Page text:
The Pennsylvania Commonwealth Court issued a decision on January 28, 2022 finding that Pennsylvania’s no-excuse mail-in voting law is unconstitutional. Members of the Pennsylvania House of Representatives petitioned to block the mail-in voting law which was passed in 2019 ahead of the 2020 elections. That law allowed any qualified voter to submit a ballot by mail up to 50 days before and election. It also placed voters on a list to permanently received ballot applications by mail and extended mail in and absentee submission deadlines.
“No-excuse mail-in voting makes the exercise of the franchise more convenient and has been used four times in the history of Pennsylvania. Approximately 1.38 million voters have expressed their interest in voting by mail permanently.” - Commonwealth Court Judge Mary Hannah Leavitt, who authored the ruling.
“If presented to the people, a constitutional amendment to end the Article VII, Section 1 requirement of in-person voting is likely to be adopted. But a constitutional amendment must be presented to the people and adopted into our fundamental law before legislation authorizing no-excuse mail-in voting can ‘be placed upon our statute books.’” - Leavitt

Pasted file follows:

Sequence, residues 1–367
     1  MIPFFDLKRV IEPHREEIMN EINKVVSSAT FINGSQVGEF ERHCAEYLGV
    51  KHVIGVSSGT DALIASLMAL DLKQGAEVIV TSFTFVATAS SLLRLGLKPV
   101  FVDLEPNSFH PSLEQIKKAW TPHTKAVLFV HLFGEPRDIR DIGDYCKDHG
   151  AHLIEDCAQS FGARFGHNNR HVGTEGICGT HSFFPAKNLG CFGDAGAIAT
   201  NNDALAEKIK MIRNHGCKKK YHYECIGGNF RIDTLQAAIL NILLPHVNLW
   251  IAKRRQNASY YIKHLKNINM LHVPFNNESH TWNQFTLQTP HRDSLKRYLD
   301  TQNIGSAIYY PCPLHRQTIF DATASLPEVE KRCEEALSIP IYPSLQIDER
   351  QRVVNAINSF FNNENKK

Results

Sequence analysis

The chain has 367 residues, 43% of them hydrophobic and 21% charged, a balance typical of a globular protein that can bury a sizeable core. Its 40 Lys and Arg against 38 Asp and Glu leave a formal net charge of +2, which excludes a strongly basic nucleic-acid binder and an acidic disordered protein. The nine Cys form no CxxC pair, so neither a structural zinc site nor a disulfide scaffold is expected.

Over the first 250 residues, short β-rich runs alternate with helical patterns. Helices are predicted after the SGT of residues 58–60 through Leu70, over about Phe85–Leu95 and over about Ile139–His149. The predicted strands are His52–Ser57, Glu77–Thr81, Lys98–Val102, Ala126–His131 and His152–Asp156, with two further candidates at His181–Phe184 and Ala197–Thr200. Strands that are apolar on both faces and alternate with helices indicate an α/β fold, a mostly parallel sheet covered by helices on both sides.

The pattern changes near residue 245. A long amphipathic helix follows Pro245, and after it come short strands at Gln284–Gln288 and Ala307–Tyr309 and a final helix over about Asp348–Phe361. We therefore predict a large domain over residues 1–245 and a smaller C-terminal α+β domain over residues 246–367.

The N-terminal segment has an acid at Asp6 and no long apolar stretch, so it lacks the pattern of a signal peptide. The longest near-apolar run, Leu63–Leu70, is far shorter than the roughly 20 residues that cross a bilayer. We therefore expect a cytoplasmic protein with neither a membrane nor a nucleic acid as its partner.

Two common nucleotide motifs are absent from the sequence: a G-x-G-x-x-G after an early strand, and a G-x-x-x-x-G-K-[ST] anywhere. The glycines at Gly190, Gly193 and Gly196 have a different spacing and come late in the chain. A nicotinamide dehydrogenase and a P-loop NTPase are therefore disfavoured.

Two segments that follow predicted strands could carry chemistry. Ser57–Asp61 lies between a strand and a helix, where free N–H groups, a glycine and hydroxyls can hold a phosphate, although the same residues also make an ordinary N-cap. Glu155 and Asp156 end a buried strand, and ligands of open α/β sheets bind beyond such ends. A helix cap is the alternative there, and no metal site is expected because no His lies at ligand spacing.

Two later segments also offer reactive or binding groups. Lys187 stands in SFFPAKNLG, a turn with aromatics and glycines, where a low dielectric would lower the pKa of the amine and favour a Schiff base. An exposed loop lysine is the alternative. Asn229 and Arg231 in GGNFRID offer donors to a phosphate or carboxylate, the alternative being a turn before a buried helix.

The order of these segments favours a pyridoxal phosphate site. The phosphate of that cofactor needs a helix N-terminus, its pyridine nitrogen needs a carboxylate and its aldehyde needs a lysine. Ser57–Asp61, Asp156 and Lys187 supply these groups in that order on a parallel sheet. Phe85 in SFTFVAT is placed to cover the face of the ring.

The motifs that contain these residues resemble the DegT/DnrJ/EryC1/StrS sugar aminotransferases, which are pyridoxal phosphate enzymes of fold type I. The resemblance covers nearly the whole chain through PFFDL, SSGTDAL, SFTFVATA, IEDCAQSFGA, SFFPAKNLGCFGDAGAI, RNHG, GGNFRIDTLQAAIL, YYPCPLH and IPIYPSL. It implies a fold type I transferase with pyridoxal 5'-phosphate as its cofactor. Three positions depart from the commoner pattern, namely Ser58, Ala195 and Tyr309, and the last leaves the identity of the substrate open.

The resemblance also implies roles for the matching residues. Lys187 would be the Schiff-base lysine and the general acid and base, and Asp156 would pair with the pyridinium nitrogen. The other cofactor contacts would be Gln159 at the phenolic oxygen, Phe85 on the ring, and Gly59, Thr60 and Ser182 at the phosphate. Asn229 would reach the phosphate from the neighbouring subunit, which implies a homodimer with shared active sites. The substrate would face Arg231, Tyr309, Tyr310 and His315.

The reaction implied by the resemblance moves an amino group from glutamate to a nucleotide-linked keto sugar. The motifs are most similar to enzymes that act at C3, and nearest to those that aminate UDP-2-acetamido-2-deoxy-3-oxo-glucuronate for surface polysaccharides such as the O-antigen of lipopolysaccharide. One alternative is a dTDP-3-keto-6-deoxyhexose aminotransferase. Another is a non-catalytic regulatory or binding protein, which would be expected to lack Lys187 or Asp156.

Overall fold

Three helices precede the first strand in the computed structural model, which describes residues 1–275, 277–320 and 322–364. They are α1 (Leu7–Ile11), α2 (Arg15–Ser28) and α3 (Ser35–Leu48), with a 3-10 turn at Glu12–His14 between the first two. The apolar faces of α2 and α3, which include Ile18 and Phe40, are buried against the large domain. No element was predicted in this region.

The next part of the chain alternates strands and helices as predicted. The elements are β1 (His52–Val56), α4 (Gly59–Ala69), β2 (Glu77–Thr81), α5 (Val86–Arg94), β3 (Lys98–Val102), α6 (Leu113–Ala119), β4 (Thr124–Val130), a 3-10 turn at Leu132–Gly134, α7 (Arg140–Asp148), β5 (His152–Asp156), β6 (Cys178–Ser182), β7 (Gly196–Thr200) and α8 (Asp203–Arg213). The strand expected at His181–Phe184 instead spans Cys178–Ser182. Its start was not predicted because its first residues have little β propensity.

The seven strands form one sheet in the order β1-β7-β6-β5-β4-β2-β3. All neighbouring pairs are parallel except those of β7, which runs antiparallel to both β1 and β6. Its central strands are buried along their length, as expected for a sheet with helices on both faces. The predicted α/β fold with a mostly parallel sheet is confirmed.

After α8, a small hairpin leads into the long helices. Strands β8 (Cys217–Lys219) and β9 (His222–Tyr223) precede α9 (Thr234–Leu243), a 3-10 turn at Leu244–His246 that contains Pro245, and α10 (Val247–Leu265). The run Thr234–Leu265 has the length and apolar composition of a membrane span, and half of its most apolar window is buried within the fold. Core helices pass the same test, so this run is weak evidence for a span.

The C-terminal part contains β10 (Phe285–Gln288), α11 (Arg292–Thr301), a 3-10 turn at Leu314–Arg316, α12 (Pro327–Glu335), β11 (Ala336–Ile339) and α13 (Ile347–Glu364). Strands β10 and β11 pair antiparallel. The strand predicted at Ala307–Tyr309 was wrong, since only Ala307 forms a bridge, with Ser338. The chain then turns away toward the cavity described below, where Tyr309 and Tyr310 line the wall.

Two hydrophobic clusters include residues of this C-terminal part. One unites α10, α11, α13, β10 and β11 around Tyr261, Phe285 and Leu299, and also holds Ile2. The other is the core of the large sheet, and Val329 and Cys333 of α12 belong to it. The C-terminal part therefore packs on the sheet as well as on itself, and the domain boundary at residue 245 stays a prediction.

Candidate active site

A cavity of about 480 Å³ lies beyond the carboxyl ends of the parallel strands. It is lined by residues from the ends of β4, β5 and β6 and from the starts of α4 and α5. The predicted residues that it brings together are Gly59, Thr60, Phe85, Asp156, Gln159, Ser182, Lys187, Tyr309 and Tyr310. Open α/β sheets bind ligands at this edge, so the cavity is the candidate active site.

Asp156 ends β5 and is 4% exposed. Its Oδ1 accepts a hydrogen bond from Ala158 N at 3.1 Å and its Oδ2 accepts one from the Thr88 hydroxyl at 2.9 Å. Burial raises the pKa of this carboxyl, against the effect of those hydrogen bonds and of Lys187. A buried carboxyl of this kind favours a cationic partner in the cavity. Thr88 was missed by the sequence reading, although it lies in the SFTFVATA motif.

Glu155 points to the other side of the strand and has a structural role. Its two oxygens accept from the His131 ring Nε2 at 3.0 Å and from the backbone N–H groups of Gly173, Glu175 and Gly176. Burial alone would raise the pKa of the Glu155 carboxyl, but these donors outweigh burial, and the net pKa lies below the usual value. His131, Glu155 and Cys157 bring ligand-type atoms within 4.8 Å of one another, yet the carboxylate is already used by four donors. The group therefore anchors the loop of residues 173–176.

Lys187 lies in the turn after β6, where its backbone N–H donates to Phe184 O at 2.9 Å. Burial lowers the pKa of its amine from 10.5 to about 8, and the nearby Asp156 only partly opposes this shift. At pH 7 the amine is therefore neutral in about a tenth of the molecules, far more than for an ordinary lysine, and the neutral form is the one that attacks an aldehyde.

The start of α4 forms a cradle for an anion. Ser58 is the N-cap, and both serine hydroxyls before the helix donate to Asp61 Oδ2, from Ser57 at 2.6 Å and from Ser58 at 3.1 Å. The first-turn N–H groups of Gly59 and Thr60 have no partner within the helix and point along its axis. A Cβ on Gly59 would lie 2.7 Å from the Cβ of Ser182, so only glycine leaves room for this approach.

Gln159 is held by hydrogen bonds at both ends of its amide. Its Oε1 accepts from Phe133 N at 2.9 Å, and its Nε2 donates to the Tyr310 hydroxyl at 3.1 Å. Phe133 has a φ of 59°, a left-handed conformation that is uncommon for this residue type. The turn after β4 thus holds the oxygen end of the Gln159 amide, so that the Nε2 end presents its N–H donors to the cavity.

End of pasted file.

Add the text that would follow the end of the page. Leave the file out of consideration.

Over 2.6 million Pennsylvanians voted via the mail in the 2020 general election. That number includes both no-excuse mail voting and absentee voting. Absentee voting in Pennsylvania is similar to mail voting and has existed for years, but voters need a valid excuse — like an illness or being out of the area on Election Day — to use it. Absentee voting is unaffected by Friday’s court ruling.
The state is expected to appeal the ruling to the state Supreme Court, which turned back other challenges to the law in 2020. This is a developing story so stay tuned for additional updates.